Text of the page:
A new IAEA report, “International Status and Prospects for Nuclear Power 2014,” sees slack electricity demand, “very low” natural gas prices and renewable subsidies reducing nuclear power’s competiveness in some developed countries.
“Nuclear power generated 2,359 terawatt-hours of electricity in 2013, corresponding to less than 11 percent of world electricity production, the lowest value since 1982,” the report says.
The report blames this year’s global decrease in nuclear electricity generation on the continued post-Fukushima shutdowns in Japan and Germany and on new shutdowns in the United States. However, unlike the shutdowns in Japan and Germany that were based on policy decisions, the key drivers of the U.S. shutdowns have been economic, the IAEA notes.
“Direct and indirect subsidies for renewable energy, especially wind, and renewable energy directives undermine the economic viability of nuclear power, particularly in liberalized electricity markets,” the report said. “Having zero marginal costs, wind and solar electricity are dispatched first, when available, pushing all other generation, including nuclear power, further down the order of supply. Feed-in tariffs for, and offtake obligations of, renewable electricity … further distort electricity markets and drive system costs up.”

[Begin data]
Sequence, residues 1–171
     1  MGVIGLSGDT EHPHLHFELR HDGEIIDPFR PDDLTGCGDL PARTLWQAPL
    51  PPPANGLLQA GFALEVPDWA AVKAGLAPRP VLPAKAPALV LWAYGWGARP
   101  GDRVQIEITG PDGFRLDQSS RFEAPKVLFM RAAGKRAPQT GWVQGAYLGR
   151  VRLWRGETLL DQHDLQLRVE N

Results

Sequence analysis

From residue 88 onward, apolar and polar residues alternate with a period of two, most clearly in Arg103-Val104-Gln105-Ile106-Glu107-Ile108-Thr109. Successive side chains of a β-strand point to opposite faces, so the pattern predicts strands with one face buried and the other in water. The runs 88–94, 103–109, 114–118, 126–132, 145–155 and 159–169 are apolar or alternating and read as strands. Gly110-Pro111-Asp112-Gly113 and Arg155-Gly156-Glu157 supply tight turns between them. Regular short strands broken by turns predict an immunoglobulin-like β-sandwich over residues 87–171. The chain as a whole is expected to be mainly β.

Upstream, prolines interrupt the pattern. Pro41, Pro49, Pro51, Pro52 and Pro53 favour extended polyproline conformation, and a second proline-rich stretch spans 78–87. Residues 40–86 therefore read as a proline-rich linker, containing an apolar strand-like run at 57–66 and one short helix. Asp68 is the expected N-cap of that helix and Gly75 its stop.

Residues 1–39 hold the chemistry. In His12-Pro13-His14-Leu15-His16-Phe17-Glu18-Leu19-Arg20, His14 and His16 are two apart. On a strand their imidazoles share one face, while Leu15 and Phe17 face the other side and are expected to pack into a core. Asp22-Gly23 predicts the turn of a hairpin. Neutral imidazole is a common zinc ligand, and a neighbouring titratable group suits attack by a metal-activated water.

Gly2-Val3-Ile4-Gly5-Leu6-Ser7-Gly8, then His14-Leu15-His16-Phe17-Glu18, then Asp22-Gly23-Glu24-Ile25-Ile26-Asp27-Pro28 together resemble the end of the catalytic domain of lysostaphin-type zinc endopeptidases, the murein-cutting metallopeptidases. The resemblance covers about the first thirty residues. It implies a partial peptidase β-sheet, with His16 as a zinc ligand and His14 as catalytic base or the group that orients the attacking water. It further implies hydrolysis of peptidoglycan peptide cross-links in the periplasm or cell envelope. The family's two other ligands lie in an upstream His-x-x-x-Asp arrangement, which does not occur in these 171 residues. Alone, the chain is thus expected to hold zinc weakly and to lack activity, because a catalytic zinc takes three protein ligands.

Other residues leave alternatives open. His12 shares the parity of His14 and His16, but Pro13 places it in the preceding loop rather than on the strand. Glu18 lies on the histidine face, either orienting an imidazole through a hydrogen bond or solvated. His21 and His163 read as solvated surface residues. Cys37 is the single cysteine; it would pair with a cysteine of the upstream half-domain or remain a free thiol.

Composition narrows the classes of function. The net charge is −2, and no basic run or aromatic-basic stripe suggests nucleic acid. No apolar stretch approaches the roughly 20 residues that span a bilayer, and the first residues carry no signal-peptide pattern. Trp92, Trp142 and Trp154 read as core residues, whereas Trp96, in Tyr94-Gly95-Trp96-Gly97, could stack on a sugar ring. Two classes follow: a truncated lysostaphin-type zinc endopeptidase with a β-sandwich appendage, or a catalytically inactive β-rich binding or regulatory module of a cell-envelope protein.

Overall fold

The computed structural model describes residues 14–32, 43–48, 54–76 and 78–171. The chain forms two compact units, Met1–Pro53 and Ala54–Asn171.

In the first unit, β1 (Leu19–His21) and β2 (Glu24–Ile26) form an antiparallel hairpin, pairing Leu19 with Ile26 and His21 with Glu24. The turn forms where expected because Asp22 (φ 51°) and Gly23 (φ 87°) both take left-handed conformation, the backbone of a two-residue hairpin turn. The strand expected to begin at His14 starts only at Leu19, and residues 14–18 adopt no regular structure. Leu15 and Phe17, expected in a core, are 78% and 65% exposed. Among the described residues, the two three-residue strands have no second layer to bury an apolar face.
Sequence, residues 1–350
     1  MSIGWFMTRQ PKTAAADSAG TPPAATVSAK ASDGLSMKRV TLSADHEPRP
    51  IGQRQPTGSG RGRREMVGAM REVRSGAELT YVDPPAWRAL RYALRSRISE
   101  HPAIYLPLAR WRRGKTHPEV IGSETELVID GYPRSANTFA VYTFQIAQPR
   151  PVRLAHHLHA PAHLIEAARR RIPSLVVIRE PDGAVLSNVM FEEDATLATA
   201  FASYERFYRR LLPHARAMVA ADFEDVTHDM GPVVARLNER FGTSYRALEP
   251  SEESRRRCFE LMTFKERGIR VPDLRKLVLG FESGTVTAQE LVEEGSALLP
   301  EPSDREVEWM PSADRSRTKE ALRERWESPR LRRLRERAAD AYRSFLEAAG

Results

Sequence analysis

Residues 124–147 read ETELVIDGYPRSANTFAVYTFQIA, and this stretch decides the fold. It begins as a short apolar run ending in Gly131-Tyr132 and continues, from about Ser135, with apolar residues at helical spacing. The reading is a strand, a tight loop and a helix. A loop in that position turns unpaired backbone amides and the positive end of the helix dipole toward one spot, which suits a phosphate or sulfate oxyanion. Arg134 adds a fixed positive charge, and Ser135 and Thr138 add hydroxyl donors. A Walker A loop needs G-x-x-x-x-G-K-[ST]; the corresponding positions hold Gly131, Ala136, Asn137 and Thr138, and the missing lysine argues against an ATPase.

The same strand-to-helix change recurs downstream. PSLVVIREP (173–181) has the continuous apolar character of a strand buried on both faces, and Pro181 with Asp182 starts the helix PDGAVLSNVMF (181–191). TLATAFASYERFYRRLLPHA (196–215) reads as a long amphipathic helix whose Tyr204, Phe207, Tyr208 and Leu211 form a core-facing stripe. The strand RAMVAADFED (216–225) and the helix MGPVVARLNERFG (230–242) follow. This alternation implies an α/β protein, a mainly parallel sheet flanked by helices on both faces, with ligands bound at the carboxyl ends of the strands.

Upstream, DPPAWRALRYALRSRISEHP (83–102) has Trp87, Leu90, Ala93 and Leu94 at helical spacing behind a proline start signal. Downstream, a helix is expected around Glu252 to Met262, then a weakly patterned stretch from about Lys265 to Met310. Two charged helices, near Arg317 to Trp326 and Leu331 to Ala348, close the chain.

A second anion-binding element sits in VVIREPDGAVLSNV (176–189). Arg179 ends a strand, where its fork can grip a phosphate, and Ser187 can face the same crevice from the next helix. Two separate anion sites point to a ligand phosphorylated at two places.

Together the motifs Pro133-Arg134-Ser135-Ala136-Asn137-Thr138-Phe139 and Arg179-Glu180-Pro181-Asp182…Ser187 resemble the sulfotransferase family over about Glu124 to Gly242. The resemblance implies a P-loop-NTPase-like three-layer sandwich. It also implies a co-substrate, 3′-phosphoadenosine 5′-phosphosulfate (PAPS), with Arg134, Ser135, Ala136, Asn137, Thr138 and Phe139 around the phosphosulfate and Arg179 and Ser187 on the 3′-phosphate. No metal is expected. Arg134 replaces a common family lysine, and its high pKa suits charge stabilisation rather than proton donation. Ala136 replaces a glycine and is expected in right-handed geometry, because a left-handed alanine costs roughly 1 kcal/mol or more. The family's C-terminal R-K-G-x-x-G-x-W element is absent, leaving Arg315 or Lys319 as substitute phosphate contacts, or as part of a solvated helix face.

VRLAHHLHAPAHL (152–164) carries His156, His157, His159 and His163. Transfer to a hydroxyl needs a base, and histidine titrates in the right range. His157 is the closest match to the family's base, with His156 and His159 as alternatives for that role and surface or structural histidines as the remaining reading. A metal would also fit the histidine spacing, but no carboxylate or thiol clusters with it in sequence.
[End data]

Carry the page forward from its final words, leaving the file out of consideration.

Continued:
The economic, environmental and energy security realities of developing countries, with their burgeoning electricity demand, are fundamentally different, keeping nuclear energy “an important option” for them. The IAEA notes that overall nuclear capacity growth continues to shift to the developing countries in Asia and the former Soviet Union as those countries experience a construction boom.
“[O]f the 72 units under construction globally, 38 are in the rapidly developing countries of non-OECD Asia. Since 2000, this region has accounted for 55 of the 92 construction starts and 30 of the 53 new reactors to have been connected to the grid.”
The IAEA notes that two countries—Belarus and the United Arab Emirates—have started construction on their first nuclear power plants. Turkey has ordered its first nuclear power plant at Akkuyu, although construction has not yet started. Six more countries have decided to launch nuclear energy programs, five are actively preparing nuclear energy programs without having made a final decision, and 19 countries are acquiring more information on starting their own nuclear energy programs, the report says.